Do film genres change over time? The word genre is derived from the French meaning for "ÃÂtype' or "ÃÂkind'. Genre is used as a concept to classify particular styles or types of texts by identifying common elements that are exhibited in films. It is also applied as an analytical device, used within the context of a text to establish typical characteristics and generic features displayed in texts. Genre is a powerful and effective tool. It is used by filmmakers as a framework for a successful and winning formula to create a movie that will induce audience pleasure. Filmmakers want the narrative of a film to be instantly attractive and recognisable, they do not want to waste any time establishing characters and plots, therefore genre uses key components that set up theme and stock characters in a film. Audiences find genres satisfying, due to the fact that they know that certain expectations may be fulfilled and they find pleasure in predicting what will happen next.
However, constant repetition of certain elements within film gives the audience the same old and recycled story and bores the audience. The ability of filmmakers to adjust the perception of more sophisticated audiences and creates a new "ÃÂsub-genre' gives birth to a new winning formula that film studios will use as a basis to produce a new film.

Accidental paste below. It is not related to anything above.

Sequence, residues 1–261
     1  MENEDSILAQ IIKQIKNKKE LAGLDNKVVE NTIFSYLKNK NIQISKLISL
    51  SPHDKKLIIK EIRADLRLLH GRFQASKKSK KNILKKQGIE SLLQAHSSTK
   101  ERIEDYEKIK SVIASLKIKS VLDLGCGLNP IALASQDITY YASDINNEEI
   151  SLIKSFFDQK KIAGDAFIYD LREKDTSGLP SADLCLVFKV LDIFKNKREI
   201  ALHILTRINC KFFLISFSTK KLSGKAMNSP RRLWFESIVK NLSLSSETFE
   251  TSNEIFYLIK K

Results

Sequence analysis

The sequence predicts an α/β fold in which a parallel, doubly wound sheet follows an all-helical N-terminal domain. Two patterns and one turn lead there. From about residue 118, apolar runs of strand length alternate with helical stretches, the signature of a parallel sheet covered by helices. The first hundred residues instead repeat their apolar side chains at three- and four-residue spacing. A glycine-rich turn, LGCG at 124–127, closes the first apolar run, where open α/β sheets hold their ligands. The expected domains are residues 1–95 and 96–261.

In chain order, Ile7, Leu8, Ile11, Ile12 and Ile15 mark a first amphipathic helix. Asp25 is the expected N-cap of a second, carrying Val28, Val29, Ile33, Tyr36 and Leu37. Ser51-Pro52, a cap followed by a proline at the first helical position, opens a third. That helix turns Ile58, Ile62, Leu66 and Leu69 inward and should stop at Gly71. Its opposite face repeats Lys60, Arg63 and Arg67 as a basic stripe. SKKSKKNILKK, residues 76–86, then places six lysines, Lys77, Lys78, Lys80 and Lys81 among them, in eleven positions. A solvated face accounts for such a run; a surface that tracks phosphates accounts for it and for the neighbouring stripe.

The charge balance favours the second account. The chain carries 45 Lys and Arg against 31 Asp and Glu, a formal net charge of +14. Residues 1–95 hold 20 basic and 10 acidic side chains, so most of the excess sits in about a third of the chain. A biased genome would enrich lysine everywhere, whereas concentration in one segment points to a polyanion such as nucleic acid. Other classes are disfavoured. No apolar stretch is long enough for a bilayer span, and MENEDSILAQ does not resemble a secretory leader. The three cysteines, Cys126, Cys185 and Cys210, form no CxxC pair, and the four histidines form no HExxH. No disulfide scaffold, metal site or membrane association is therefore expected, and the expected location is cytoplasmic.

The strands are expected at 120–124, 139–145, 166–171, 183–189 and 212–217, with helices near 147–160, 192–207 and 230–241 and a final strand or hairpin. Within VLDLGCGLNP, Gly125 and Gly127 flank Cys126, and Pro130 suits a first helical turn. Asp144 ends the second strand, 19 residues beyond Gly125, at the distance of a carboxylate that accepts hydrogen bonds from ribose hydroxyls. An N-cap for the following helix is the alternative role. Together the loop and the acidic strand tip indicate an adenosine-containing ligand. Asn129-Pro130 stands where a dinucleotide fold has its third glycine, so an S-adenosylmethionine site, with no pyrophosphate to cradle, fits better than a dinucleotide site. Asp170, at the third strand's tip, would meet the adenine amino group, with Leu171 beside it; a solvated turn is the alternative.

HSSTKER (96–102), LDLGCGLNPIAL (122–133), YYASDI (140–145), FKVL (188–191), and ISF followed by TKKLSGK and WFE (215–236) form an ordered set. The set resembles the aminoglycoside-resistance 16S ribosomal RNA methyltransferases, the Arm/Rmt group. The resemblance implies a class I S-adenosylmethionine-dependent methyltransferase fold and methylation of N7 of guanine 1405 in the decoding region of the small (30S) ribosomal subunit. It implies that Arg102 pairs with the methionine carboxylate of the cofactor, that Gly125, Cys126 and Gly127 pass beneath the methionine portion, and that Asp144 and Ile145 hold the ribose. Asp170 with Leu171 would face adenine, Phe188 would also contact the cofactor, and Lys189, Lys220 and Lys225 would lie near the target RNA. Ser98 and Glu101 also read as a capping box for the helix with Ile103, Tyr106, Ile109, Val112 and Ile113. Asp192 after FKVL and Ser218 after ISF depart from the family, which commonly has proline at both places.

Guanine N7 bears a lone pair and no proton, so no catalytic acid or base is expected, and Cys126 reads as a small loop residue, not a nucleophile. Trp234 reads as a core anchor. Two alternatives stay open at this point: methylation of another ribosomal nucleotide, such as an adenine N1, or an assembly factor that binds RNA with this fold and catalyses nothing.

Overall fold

Since the conception of genre, several factors can be attributed to the alteration and change of the tool. Certain social and historical circumstances over time have influenced filmmakers, which themselves is another reason for changes in genre. Cinema audiences have also changed creating stronger demands and expectations of film audiences. Examples of the change in genre over time can be exhibited in particular film genres.
The horror genre has seen a dramatic and sudden change in the...